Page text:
On official visits, she will bring along volunteer and family friend Cody Donovan, a veteran of Delaware’s substance abuse rehabilitation centers. Hansen calls Donovan, who has been clean for two years, an invaluable part of her efforts.
After every tour, Hansen will convene with Donovan in the parking lot to share insights on the facility. In his first seven months, Donovan attended eight to 10 tours, using his personal experience to help reveal where programs might be underperforming. It’s an important job, because underperforming facilities gain bad reputations, deterring treatment. “They become those houses in the neighborhood that people are afraid of,” says Hansen.
Donovan is part of a wave of survivors and affected families working to make a difference. Among the survivors are Don and Jeannie Keister. Their son, Tyler, died of an accidental opioid overdose on Christmas 2012. Just months later, the couple founded atTAcK addiction, an action and advocacy nonprofit. According to Jeannie, they were driven by a need to make their voices heard. “We felt that we needed to speak up about this because we were seeing it happen to way too many people, but everyone was being silent about it.”
They began by holding meetings in the library of Caravel Academy, where Don is headmaster. That was where they met David Humes, another grieving parent. Humes’ son, Greg, had died from an accidental overdose seven months before Tyler. When they met in the winter of 2013, Humes was a man on a mission.
After Greg’s death, one of the first responders had remarked to Humes that if one of Greg’s friends had had access to Narcan, the brand name for naloxone, or if there had been a 911 good Samaritan law, his son might still be alive. Humes was determined to make sure that everyone else’s child could have the lifesaving opportunities unavailable to his son. The Keisters were on board.
Illustrations by Vlad alvarez
Within months, atTAcK addiction brought a 911 good Samaritan bill to the Delaware Legislature. The measure, which granted amnesty to anyone who called emergency services to report an overdose, received overwhelming bipartisan support and was passed into law in July 2013.
Since then, the group continued to work closely with legislators, offering up research and sometimes even fully written bills. AtTAcK addiction also funds and helps run Narcan training sessions, hosts support groups for families of those lost, and organizes a wildly popular 5K fundraiser every year on Tyler’s birthday. In 2019, the race reached a new peak with more than 3,200 runners.
After a long string of legislative victories, including legislation to get naloxone into the hands of first responders and other emergency personnel, atTAcK addiction suffered its first legislative defeat. A 2018 bill seeking $4 million for the nation’s first public recovery high school program failed to pass. The program would have operated out of an existing facility and provided a separate education for Delaware high schoolers who have completed rehab programs and are looking to continue their education. Currently, these teens are placed back in their previous high schools unless they can attend one of America’s 40 privately owned recovery high schools.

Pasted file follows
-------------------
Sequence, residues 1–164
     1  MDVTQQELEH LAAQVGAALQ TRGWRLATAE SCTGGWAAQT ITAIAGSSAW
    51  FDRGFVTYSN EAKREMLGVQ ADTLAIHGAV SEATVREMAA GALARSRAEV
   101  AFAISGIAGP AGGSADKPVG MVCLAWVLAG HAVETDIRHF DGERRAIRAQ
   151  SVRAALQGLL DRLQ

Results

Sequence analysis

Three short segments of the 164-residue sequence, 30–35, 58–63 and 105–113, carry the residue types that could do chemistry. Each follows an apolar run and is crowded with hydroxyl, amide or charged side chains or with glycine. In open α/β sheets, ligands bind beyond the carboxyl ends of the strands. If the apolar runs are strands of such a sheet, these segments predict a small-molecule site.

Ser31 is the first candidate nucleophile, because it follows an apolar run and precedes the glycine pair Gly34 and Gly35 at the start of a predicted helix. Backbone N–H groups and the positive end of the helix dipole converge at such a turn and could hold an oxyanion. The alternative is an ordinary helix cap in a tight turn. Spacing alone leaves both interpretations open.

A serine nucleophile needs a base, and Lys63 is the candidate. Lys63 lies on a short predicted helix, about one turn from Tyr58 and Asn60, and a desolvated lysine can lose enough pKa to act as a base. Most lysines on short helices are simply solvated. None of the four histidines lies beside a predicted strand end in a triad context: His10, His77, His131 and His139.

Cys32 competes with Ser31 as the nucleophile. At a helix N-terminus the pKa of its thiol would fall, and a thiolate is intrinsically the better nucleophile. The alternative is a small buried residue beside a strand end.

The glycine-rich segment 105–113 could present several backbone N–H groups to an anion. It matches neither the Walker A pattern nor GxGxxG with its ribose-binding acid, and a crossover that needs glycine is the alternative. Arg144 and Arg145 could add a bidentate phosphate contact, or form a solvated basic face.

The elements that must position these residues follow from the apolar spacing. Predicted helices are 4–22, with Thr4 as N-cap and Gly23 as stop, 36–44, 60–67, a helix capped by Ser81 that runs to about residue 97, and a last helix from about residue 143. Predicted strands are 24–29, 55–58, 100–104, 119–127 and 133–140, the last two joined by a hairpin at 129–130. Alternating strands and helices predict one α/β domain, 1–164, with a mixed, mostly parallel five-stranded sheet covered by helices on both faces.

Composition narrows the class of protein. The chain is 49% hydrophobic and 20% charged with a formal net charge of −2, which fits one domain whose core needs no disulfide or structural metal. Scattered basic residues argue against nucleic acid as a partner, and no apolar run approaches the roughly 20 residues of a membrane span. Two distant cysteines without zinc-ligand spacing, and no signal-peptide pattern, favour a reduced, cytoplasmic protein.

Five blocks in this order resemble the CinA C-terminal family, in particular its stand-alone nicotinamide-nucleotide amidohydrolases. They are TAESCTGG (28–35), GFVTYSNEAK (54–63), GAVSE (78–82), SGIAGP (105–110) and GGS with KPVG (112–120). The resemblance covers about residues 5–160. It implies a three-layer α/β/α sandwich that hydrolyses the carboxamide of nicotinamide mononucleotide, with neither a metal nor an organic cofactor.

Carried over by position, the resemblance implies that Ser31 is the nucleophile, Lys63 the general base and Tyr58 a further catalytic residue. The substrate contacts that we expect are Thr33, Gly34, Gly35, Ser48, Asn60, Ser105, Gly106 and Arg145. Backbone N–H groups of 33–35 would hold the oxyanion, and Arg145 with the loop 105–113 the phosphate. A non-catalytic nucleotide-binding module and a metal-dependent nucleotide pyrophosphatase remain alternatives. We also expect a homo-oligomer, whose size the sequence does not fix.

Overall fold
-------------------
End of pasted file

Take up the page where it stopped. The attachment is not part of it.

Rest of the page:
That was not the only atTAcK addiction-supported legislation that failed in 2018. Two “impact fee” bills, which would have used fees on opioid sales in Delaware to create a fund to treat addiction, failed to win adequate support. Sponsored by former state Rep. Deborah Hudson, a Republican, and Hansen, a Democrat, neither bill made it to its respective floor. As of this writing, Hansen’s 2019 impact fee bill, SB 34, has been passed in the Senate and is headed to the House.
A lot is being invested in Delaware’s Behavioral Health Consortium’s Three-Year Action Plan. In addition to $25 million in taxpayer funding, the overview released by the lieutenant governor’s office lists dozens of offices, departments, committees, and commissions, as well as organizations like the University of Delaware, which will all have roles to play in the ongoing effort.
The goal of the START initiative, though, and to an extent DSAMH as a whole, is to help guide people through the mass of raw data to the services they need. “We’re really excited,” says DSAMH’s Romero about the rollout of the action plan, “because this will be an opportunity to ensure that people are not getting lost in the facts, that providers are not wasting time making millions of phone calls in order to find facility or treatment options for their clients, and really be able to move people faster into treatment.”
The stakes are high. The patient that Keith Pettiford recommended to Brandywine Counseling showed up at BCCS that Monday morning, but many do not.
According to Pettiford, only about half of those he has engaged with at St. Francis make it into counseling. Some give partial information but refuse care, while others agree to go to care but don’t show up. Pettiford often sees the same faces and tries to follow up with them whenever possible.
And as the three-year action plan unfolds, people like Pettiford and Donovan continue to work within the substance abuse disorder community. For them, their efforts are part of their own ongoing journeys of recovery. “This is what I’m going to do, and this is what helps me help them,” says Donovan. “I’m not promised tomorrow. Nobody else is. I have goals, but if I stay in today, I know I can continuously work toward them.”